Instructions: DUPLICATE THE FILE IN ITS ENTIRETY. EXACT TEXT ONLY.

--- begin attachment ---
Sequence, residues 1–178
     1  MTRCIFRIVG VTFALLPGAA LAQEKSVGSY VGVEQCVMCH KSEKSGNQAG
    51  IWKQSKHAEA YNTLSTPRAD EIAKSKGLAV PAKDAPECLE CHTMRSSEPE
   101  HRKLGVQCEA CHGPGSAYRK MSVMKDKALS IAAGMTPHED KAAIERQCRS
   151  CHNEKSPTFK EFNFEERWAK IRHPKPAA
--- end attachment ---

Sequence, residues 1–178
     1  MTRCIFRIVG VTFALLPGAA LAQEKSVGSY VGVEQCVMCH KSEKSGNQAG
    51  IWKQSKHAEA YNTLSTPRAD EIAKSKGLAV PAKDAPECLE CHTMRSSEPE
   101  HRKLGVQCEA CHGPGSAYRK MSVMKDKALS IAAGMTPHED KAAIERQCRS
   151  CHNEKSPTFK EFNFEERWAK IRHPKPAA